Gold: Should You or Shouldn’t You?
March 30, 2012 by Editor, InvestingForMe
I must confess. I’ve never been much of a gold bug so my answer to that question might not be the more common response. And I admit I’ve never understood how the market values gold or the reasoning behind holding gold.
How is the Value of Gold Determined?
Good question. Owning gold doesn't pay an investor any income while you hold it (no dividends, no interest). So, investors can’t use cash flow or yield to estimate the value of an ounce of gold.
Gold by itself doesn’t produce anything. It doesn’t manufacture anything. It doesn’t create any new technologies or processes. It doesn’t create any revenue or profit. So, we can’t use the typical business valuation models to determine the current and future value of it.
Also, unlike most other metals and commodities, gold isn’t consumed – it’s horded. So, gold is mined, refined, and circulated and it never disappears. That means then that the supply of gold is always increasing.
Gold’s Value Historically: a Fear Trade
Investors almost never think to buy gold when times are good. When the economy is doing well, stock markets and real estate are appreciating in value, gold is never thought of as an investment opportunity.
History demonstrates that as an investment, gold gains popularity as investors are told to fear some future outcome as in the following two scenarios:
- That future inflation will increase and thereby erode an investor’s financial wealth.
- Paper-based currencies will depreciate, as central banks/government treasury departments continue to print money without restrictions, thereby eroding the purchasing power of savings.
Both these fear trade scenarios are what the investment industry refers to as invisible killers because the investor never actually sees their negative influences in their investment statements or pay cheques. Both interestingly work silently and unseen to diminish an investor’s savings.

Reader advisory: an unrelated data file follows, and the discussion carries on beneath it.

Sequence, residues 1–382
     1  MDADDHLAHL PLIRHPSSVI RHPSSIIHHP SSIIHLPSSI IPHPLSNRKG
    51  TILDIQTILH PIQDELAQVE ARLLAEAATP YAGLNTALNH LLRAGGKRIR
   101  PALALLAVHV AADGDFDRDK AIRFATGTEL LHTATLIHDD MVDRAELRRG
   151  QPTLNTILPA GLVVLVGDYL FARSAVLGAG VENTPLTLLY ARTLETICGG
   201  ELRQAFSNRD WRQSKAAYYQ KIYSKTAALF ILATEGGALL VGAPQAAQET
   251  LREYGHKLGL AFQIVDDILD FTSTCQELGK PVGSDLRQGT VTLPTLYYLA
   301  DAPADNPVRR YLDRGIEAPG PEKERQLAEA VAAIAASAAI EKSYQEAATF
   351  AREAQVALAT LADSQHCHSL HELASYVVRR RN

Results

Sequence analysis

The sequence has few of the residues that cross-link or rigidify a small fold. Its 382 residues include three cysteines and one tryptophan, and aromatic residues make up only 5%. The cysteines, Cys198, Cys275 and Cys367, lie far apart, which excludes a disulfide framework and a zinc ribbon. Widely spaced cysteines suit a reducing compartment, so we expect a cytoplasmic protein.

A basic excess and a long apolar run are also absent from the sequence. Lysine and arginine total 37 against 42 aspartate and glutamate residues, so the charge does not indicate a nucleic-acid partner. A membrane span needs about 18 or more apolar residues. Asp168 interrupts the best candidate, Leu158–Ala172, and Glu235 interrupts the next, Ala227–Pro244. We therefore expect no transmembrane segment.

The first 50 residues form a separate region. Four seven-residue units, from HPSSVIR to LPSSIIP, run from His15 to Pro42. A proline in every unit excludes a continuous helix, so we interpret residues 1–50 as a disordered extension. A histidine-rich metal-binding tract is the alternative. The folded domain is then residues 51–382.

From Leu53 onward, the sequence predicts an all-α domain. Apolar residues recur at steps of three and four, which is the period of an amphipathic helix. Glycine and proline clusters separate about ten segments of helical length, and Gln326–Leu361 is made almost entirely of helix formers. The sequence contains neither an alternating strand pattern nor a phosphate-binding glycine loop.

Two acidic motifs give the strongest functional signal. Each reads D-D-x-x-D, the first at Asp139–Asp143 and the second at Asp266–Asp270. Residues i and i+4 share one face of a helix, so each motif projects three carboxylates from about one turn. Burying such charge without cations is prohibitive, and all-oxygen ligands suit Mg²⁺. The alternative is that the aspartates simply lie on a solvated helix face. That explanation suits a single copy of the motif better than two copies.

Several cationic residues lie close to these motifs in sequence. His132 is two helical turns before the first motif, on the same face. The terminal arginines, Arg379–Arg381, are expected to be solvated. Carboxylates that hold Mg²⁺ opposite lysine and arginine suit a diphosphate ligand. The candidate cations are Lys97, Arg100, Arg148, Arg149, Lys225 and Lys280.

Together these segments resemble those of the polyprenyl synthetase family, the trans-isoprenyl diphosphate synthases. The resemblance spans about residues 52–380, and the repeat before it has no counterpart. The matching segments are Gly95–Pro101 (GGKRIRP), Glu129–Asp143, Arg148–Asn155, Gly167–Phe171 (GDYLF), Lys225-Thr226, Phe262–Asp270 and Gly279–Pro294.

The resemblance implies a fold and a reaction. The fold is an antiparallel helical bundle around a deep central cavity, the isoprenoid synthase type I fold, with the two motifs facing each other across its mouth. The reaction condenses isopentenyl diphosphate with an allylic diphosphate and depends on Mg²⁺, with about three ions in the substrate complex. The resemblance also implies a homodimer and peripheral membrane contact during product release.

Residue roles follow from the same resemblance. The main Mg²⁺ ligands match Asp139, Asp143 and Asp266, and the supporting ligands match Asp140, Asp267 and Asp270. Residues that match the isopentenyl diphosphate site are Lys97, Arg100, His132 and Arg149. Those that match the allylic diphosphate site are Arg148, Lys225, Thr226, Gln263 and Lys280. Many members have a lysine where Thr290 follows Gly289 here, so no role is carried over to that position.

Gold’s Recent Makeover to a Legitimate Investment
Recently, however, gold has been attempting to cross over from its historical status as a fear trade into the world of legitimate investing, right along side bonds, common shares, mutual funds, ETFs and preferred shares. We can see evidence of this makeover reconstructing with pronouncements such as the following from such organizations as the World Gold Council (WGC):
Gold is a foundation asset within any long-term savings or investment portfolio. For centuries, particularly during times of financial stress and the resulting 'flight to quality', investors have sought to protect their capital in assets that offer safer stores of value. A potent wealth preserver, gold’s stability remains as compelling as ever for today’s investor.
So, will gold actually manage to successfully make this transition into a legitimate investment? Only time will tell.
Tracking Gold’s Recent Value: Effects of the Sudden Makeover
So, how does the market presently determine the value of gold? Currently, it’s determined simply by the amount of money chasing it. The market value of gold goes up when the amount of money chasing it increases, and it drops when the flow of money decreases – a pattern obvious to anyone paying attention for more than a minute.